Why I’m not buying new backpacking gear this year

It’s a mantra that we should all repeat from time to time: I’m not buying any new backpacking gear this year. No, it’s not because I’m not thru-hiking. This summer I will brave the CDT, as they say, but I won’t be buying anything new for this thru-hike. And no, it’s not because I already bought a bunch of new stuff before my cancelled thru-hike last spring. The truth is, before my cancelled thru-hike last spring I had only bought a couple new items, mostly replacing my long loved and long used, but worn out tent. 

Hopefully the skies don’t look like this the whole time I’m on the CDT this summer!

The reason I’m not buying any new backpacking gear this year is because I don’t need anything. Simple as that: I don’t need any new gear, and that’s good. I’ve bought enough high quality stuff over the years that nothing is worn out and nothing is broken. I don’t need that new rain jacket. My rain jacket works well enough. My down puffy jacket has a lot of holes, and a lot of  patches, and I’m keeping it. That puffy is the only thing in my backpacking set up that has more patches than my inflatable sleeping pad, which I’m keeping too.

Why replace when you can repair and continue using? Yeah, there’s probably at least one more hole in my pad, and I’ll use the remaining winter months to find that hole. My puffy is only 850 fill. Yeah I know, 1000 fill is available, but 850 is still warm, pretty light, and think of all those geese it took to fill this one!

I carried all my backpacking gear across Colorado last summer, and the PCT the year before, so I know it’s not too heavy. I have carried it. It’s not too heavy. I know that newer could be lighter than the slightly less new gear, by grams or even ounces, think of the weight savings! But I’ve carried my old gear, and I know it works great.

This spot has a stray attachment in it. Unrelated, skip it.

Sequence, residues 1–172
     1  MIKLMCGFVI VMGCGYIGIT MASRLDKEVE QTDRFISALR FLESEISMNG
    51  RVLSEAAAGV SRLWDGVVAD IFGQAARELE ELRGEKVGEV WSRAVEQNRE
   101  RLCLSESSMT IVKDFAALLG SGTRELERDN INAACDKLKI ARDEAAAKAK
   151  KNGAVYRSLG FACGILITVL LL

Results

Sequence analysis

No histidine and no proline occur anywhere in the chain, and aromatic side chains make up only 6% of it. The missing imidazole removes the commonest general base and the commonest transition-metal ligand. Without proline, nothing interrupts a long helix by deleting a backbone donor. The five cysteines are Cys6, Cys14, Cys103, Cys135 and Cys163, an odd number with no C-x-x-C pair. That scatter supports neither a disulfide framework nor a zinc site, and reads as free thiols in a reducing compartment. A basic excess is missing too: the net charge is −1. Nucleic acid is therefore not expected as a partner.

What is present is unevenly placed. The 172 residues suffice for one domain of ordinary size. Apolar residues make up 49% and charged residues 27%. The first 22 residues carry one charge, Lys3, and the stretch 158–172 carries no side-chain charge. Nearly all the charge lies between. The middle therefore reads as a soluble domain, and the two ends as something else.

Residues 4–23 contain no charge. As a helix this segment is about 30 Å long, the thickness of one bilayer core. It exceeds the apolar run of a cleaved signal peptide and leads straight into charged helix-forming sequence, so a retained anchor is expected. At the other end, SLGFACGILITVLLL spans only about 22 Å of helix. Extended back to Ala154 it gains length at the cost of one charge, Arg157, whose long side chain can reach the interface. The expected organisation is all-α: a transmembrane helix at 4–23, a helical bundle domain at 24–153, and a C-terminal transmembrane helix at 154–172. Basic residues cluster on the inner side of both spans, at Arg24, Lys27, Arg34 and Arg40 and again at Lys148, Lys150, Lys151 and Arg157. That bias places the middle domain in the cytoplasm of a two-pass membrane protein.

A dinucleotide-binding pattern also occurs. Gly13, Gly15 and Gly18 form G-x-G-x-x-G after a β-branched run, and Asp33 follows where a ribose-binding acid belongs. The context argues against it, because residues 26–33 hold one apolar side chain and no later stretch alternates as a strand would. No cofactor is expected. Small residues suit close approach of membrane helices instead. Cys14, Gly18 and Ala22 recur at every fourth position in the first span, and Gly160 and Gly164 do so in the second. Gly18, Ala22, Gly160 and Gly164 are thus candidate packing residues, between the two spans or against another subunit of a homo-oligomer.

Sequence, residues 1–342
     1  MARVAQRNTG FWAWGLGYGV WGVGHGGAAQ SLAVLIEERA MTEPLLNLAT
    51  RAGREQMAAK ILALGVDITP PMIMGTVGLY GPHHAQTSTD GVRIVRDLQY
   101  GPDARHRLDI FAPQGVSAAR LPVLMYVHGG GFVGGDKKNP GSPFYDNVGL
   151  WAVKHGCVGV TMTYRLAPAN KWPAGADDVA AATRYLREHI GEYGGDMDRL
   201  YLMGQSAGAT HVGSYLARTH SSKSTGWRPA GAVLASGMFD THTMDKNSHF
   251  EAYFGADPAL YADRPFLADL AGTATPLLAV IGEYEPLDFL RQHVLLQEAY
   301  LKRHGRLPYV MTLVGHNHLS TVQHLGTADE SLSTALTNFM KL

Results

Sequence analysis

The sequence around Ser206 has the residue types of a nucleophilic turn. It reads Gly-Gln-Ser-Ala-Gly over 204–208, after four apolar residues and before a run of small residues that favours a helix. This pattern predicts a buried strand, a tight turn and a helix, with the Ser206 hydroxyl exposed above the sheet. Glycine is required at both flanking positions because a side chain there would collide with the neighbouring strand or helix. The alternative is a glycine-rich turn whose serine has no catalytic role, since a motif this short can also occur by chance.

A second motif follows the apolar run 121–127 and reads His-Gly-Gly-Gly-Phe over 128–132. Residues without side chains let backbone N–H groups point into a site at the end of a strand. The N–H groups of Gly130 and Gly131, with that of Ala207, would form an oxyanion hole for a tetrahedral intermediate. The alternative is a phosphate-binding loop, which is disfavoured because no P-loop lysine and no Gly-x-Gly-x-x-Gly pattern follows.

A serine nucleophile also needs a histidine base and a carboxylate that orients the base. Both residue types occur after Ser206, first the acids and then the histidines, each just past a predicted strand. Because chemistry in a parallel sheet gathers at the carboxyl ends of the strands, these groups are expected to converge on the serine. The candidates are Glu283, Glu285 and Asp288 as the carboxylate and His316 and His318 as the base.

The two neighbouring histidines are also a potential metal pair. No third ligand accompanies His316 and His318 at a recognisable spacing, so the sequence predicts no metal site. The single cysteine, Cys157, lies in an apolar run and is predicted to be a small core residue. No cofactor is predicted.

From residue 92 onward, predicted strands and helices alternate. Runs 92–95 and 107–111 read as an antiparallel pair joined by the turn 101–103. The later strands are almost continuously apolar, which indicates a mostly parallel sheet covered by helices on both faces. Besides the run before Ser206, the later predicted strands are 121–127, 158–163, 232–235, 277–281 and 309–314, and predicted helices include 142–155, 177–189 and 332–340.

“I have carried it, it’s not too heavy”

I get it, though. It’s cold outside right now and those long days hiking for 8 hours seem so far away. We want something to focus on, we need to prepare. So we can feel like the time for backpacking is here. Well, winter will be over soon enough and you’re probably already prepared, let’s be honest. Maybe all the preparation you really need is to get off the internet and go for a hike. 

If you’ve never been backpacking and are planning to get out there this season, then you should be buying all the gear! But even you, young backpacker, maybe don’t buy it all. Buy the bare minimum to start so you can find out what you actually need when you go out there on your first shakedown hike. 

Use, learn, adjust, repeat. Maybe that’s a better mantra. 

Buying new gear isn’t inherently bad, entirely. I do it, we all do it. But you can’t argue with what is perhaps humanity’s greatest achievement: the giant landfills that dwarf the rolling hills of the American plains and have led to the new industry of landfill mining

Yes, you can buy used, which is infinitely better, but do you need that new gear at all? I get it, sometimes you really have worn out that puffy jacket and it looks like a deflated balloon (should have patched those holes sooner!). And your tent sometimes stops working at keeping the weather out, or is seriously not the right tent for you. That’s all fine, buy what you need. 

But so much energy seems to be put into new gear that there has to be a counterbalance. We just don’t all need new gear this year. I bet that due to the pandemic, some people barely had the opportunity to use their outdoor gear last summer. And now there’s a new version of that tent, a lighter sleeping bag with even better water resistant down, and a rain jacket that claims to be even more breathable than the last one that wasn’t really breathable even though it claimed to be. And all that “old gear” is going to live its life in the back of closets, garages, and sheds while the new stuff will get light use for a year or two, and the cycle goes on. 

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